Zimmer’s motion was not intended to specifically encourage charter schools to look at schools that have not been performing at high levels consistently, but that is one consequence of his motion, according to his office.

Petruzzi said he does not consider Zimmer to be one of the LAUSD board members who have vilified Green Dot. “I want to believe that he is acting with the best intentions,” he said. “Zimmer does seem to appreciate that we are trying to serve all kinds of students and that we are very transparent in what we’re doing.”

Green Dot has had success at Locke High School in South Los Angeles, where it moved in four years ago and had its first graduating class this spring.

No schools on the Westside are viewed by LAUSD as turnaround schools, but the school district has called some under- performing, despite recent gains in tests scores by several elementary and middle schools in Westchester, Mar Vista, Del Rey and Venice, school that Zimmer represents.

Green Dot is not seeking to take over any of these schools but will have a sixth grade class on the campus of Cowan Elementary in Westchester. The charter organization will also be bidding on a land lease on the campus of Walgrove Avenue Elementary School in Mar Vista in the fall.

Sarah Auerswald, who has an older son enrolled in a charter school and another in third grade at Grand View Boulevard Elementary School in Mar Vista said there are often differences of opinion between LAUSD’s and a parent’s version of an “underperforming” school.

“I think in general, having had kids at what was termed an ‘under-performing’ school for years, I feel like the district often doesn’t see what can turn a school around right under its nose,” Auerswald noted. “Or if they do see what can help a school, it’s just so hard to effect real change at the school site from downtown at Beaudry (Avenue, where LAUSD headquarters is located).”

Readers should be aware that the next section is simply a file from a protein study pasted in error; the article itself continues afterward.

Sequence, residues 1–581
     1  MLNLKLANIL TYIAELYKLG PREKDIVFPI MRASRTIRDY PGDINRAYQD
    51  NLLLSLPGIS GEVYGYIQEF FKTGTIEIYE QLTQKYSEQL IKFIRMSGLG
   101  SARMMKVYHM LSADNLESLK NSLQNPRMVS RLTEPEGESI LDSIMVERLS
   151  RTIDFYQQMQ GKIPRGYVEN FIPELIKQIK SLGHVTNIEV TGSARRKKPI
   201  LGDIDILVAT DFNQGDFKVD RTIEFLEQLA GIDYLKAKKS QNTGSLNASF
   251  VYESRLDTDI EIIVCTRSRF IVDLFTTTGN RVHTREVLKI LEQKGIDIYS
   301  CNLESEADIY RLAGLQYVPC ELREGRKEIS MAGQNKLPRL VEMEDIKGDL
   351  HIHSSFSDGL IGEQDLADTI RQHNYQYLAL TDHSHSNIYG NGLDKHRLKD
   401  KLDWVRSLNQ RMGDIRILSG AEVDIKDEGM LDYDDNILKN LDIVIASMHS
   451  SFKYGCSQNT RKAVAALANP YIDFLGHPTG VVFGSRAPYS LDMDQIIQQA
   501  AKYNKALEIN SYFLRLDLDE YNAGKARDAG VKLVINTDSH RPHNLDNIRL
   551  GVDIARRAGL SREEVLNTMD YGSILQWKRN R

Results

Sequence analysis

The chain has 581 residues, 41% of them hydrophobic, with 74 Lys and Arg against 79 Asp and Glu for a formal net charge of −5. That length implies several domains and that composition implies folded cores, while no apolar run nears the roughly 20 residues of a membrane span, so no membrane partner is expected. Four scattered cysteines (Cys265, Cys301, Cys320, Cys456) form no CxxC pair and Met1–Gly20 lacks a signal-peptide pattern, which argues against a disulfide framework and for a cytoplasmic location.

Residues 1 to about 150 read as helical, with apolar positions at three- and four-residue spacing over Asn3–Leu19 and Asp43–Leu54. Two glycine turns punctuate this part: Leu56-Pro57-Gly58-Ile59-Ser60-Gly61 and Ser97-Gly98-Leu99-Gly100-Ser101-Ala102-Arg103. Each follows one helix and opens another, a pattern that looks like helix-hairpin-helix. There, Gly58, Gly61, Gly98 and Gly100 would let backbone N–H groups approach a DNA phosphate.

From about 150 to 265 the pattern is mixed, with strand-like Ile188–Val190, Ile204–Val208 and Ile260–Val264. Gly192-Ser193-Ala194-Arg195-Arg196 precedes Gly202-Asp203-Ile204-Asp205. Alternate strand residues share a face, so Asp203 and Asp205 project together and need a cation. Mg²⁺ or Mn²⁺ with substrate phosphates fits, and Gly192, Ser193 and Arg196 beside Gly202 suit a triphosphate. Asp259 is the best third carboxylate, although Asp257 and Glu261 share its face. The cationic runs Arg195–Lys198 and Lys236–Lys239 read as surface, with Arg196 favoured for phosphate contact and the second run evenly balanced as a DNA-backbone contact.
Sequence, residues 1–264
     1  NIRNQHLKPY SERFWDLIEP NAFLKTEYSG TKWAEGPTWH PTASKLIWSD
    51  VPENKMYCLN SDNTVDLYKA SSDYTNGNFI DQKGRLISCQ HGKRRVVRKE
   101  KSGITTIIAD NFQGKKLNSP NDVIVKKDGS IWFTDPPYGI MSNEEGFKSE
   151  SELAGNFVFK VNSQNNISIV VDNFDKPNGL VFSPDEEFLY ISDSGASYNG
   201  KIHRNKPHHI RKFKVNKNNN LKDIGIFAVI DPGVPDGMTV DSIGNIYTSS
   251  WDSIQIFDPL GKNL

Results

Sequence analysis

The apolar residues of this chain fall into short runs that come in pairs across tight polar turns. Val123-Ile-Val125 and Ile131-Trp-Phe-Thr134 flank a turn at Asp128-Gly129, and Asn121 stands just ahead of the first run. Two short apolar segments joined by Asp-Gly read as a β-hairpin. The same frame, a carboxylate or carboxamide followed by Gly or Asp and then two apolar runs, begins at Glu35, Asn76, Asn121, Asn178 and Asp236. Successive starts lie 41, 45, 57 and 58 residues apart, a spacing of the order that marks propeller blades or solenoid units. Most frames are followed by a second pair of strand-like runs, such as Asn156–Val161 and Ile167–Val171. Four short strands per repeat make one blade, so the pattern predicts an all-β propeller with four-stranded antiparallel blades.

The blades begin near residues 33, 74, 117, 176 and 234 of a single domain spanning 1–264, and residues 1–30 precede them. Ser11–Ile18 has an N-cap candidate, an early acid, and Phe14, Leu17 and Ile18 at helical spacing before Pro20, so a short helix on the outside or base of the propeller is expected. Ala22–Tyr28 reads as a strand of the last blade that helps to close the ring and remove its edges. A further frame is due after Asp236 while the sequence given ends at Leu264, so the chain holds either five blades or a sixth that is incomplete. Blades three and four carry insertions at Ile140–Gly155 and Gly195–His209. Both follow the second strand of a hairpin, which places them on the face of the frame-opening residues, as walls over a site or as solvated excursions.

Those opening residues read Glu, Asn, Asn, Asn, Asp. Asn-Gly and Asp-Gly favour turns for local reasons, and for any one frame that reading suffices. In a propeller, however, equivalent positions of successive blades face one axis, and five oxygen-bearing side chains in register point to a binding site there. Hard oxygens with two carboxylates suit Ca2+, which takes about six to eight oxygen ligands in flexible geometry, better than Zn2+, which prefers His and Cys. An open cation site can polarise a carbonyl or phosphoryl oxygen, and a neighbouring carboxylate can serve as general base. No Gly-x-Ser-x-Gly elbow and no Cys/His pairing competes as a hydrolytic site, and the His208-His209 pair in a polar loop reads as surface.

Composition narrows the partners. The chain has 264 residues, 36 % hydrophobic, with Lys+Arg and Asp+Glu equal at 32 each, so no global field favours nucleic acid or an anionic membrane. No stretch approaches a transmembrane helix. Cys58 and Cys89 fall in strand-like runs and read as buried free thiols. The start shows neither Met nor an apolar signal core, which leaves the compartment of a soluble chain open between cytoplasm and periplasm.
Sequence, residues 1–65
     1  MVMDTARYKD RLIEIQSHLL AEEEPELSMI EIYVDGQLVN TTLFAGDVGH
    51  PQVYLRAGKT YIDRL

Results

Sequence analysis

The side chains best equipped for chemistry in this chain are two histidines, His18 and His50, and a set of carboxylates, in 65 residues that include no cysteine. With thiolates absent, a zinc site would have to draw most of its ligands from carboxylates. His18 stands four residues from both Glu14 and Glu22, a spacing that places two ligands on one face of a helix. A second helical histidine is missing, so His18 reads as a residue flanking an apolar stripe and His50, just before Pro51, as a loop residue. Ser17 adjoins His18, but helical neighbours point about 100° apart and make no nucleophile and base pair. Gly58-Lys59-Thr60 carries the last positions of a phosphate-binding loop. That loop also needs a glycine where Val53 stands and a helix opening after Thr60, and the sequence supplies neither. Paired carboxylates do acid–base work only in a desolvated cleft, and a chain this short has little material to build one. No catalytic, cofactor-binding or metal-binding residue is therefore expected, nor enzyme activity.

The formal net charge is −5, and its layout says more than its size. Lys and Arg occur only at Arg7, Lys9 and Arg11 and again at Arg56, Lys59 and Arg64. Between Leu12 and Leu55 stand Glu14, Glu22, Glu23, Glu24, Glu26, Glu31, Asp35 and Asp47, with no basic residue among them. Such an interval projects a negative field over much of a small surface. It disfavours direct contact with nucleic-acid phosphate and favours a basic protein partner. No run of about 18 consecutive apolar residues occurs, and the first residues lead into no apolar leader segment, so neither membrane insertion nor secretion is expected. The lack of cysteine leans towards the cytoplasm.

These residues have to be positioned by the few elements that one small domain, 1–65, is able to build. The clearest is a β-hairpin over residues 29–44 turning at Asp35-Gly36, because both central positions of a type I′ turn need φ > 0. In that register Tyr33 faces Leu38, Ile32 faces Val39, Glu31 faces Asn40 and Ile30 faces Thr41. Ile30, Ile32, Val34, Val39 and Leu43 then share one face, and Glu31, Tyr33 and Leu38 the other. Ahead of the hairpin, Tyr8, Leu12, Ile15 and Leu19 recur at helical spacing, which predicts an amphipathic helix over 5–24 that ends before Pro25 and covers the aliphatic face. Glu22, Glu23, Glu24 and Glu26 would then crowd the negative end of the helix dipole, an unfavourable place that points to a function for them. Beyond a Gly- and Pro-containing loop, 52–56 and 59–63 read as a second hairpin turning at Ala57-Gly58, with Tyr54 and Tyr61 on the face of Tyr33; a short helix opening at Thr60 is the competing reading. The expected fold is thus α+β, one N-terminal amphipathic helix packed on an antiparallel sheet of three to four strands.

Grand View, which has the district’s longest running Spanish immersion language program, has steadily improved on its test scores, gaining 10 points on the Academic Performance Index scores this year, as many of the elementary schools in Zimmer’s district have. They also have a parent group that is highly engaged with its teachers, which they displayed in June at the immersion program’s 20th anniversary.

Auerswald believes that test scores should not be the single determining factor of a school’s vitality.

“If your kids come home happy and the school community is thriving, how can that be ‘under-performing?’” she asked. “Of course I know that academics are important, especially for kids whose first language is not English. “But to call a school under-performing labels it in a way that makes other parents and members of the community discount the school out of hand, when there might be something wonderful going on in so many other ways.”

DeSobe does not think the board’s reversal was due to recent findings that LAUSD schools were outperforming some charter schools, as well as schools championed by Villaraigosa.

“I don’t think the recent action was a reaction to charters but rather a strong backlash from the status quo who are defensively protecting their own interests,” he said. “Again, Public School Choice initiative was and should be about the how, not the who.”

Fletcher, who recently took over the helm of the teachers union from A.J, Duffy, said the union has always been concerned with the direction the board had taken with the Public School Choice vote two years ago.

“We’ve always had a lot of concerns about the new properties,” he said. “We’re pleased to see the process become a little more rational.”